Wednesday, December 31, 2014

Overtreatment issues

There is new evidence that the risk of leukemia after breast cancer treatment is double what previously thought to be. It was stated at 0.25% but new research shows it is more like 0.5% and the risk continues for ten years, not slowing down after five. So the new advice is not to treat with stage 1 cancers with just in case chemotherapy or radiation give that the risk is doubled.

In addition, while the new recommendations for radiation are to cut back from the usual five to seven weeks to three weeks for early stage cancers, many doctors are not making the change. The benefits are in cost savings, fewer side effects, and improved quality of life for the patients. (From the patient's perspective (me) the biggest problem with radiation is having to go EVERY day for week upon week.) Many doctors and patients seem to have the reaction to do as much as possible in cancer treatment.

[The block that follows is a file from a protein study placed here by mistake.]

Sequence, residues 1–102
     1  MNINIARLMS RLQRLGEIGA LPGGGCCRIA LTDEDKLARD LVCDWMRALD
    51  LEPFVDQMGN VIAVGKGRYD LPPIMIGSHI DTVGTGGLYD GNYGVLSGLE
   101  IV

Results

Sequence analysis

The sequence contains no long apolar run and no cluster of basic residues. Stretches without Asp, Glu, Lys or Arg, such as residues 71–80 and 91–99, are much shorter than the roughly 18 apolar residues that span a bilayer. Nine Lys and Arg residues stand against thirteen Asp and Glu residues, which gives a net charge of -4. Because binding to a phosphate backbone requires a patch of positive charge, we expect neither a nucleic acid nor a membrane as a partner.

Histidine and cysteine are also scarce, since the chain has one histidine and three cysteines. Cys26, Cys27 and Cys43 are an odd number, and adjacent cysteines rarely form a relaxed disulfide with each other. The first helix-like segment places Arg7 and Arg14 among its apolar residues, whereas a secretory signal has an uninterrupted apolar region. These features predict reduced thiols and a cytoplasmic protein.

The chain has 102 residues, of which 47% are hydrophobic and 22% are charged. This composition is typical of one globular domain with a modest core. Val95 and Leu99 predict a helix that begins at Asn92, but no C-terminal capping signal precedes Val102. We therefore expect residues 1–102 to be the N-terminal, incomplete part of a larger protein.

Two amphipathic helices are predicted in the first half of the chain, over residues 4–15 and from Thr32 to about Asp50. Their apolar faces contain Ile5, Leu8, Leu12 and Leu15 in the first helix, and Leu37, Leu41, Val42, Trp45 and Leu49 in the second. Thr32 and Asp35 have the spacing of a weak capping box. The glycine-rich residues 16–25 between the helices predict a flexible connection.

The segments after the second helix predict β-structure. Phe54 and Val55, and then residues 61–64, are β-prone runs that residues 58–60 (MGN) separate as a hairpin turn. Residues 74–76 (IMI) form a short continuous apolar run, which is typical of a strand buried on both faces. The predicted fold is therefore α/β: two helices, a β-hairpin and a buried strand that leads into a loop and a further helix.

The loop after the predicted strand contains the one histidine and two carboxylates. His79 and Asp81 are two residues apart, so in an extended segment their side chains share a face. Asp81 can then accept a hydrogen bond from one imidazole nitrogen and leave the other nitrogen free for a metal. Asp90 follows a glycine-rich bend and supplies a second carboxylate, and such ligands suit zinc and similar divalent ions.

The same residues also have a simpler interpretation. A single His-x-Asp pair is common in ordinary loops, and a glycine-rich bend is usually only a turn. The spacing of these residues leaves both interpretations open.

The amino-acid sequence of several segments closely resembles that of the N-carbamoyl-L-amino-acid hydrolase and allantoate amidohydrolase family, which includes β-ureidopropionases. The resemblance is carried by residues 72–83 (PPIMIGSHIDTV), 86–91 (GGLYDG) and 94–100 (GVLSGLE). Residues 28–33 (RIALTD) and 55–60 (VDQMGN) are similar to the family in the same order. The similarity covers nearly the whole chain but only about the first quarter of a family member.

I realize that cancer treatment is of the slash, poison, and burn variety, even in this modern era. But it would be nice if the elusive 'them' would figure out ways to heal us without killing us off int he process. I feel like a cancer diagnosis is a challenge to both get through the diagnosis AND the treatment. Maybe we need a little more progress/research in this area.


Unknown said...

Yes I'm with you on this. The treatment has always been the hardest part of the disease.

MichiganSurvivor said...

I did the 1 week treatment path (thank god, even shorter) 6 years ago.
My rad onc and I had long discussions about this, but I was the one who decided it was appropriate for me -- stage 1, grade 1.
I asked him why more women didn't have the 3 week regime (which was then called the Canadian protocol), and he said it was because hospitals were staffed and equipped for everyone having 6 weeks.

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